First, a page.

• Worthiness of the charity cause is the most influential driver of trust
      The most important explicit factor influencing trust in charities is the perceived worthiness of the cause (53%), followed by the proportion of funds going to those in need (51%). As mentioned, Australians think it is important for charities to provide information regarding donation use. It is evident that transparency around donation use is fundamental for establishing trust.
    • Familiarity plays a significant role in trusting a charity
      Over one third (36%) strongly agree they trust charities they are familiar with – half (49%) do not feel confident donating to a charity they do not know, regardless of the cause. The second finding here highlights there are additional implicit drivers of trust in charities.
    • Half the population considers that charities provide an important service
      Half (51%) of Australians strongly agree that charities provide an important service to the community. In particular, older Australians are the most likely to strongly agree (59%).
    • Australians are more likely to trust charities that provide services locally
      Over a third (36%) of Australians agree they trust charities that provide services in Australia while only 15% agree they trust charities that provide services overseas. The qualitative research suggested trust in charities is stronger when the cause is in the same city, town or suburb – this is more likely to be the case in regional areas.
    • Some fundraising tactics employed by charities are unpopular with Australians
      Australians disapprove of charities that pay sales people to raise funds and those that spend what they consider as too much on administration - this can result in distrust.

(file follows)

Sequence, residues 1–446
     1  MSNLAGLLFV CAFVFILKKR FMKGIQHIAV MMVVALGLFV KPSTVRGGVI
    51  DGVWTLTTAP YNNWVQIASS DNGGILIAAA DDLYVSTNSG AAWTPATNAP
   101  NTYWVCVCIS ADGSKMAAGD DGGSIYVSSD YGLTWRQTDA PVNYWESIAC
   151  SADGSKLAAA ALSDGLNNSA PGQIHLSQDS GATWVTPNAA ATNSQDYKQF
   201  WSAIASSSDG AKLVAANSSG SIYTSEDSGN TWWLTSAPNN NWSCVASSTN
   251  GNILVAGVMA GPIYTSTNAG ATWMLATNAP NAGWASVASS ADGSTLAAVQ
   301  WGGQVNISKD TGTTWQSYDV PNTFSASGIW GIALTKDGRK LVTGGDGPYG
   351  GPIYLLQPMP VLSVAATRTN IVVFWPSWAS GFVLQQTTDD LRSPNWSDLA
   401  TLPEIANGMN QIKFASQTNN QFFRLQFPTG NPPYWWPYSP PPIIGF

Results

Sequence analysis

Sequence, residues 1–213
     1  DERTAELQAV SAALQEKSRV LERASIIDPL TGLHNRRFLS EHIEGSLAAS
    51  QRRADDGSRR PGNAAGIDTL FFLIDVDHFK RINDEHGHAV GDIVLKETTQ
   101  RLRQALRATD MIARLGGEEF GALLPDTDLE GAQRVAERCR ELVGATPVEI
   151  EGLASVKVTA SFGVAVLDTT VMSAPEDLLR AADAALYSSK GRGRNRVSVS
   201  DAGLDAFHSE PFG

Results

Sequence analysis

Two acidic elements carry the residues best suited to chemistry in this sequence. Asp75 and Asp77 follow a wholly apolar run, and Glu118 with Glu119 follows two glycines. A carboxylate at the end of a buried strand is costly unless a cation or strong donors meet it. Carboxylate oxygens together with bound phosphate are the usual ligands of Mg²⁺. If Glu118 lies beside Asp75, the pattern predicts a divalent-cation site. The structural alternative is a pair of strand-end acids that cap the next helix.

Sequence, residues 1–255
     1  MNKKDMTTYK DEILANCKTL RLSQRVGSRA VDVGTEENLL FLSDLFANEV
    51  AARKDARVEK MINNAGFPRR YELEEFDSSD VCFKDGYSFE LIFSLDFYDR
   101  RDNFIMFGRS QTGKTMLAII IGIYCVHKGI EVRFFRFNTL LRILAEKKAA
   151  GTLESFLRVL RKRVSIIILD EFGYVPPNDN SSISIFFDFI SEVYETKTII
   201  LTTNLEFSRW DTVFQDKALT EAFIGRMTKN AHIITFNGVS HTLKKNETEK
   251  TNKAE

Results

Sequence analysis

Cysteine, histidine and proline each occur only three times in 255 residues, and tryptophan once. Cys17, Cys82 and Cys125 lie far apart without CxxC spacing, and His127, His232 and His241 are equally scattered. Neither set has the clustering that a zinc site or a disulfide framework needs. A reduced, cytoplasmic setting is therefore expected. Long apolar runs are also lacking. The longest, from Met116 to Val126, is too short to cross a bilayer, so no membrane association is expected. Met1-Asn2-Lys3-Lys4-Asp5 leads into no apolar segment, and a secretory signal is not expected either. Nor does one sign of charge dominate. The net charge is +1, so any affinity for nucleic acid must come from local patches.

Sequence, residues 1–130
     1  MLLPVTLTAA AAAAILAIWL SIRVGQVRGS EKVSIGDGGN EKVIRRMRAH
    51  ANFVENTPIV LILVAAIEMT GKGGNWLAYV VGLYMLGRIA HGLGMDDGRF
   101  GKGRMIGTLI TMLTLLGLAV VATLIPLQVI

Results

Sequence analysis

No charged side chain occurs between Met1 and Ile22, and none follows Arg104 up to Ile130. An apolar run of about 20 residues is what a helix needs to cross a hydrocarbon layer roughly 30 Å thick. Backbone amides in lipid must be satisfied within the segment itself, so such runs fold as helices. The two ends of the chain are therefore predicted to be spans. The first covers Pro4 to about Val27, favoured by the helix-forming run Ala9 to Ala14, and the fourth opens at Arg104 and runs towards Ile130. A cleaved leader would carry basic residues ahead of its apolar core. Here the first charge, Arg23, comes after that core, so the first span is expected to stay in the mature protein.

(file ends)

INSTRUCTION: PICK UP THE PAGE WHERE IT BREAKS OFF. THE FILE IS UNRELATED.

• Transparency is essential
      The need for transparency around how charities use resources, including monetary donations, is paramount. Almost three in five (57%) strongly agree they trust charities that are transparent about how they use their resources. This transparency has been called for from several areas of society, in particular from the media, the general public, the ACNC and researchers of the not-for-profit sector.
    • 16% of Australians have heard or seen something about charity wrong-doing
      The qualitative research suggests that this may impact perceptions of all charities.
    • Learning about the ACNC increases trust
      Positively, when people are informed there is a specific charity regulator in place their general level of trust marginally increases to 27% compared to when they were unaware of a specific charity regulator (24%).

    Conclusions

    The majority of Australians have engaged with the charity sector in the past year. Charitable support was based on the knowledge there would be a clear and measurable outcome and an understanding that a high proportion of funds donated would contribute towards the cause. This is particularly important, as Australians recognise the positive contribution and influence charities have on society.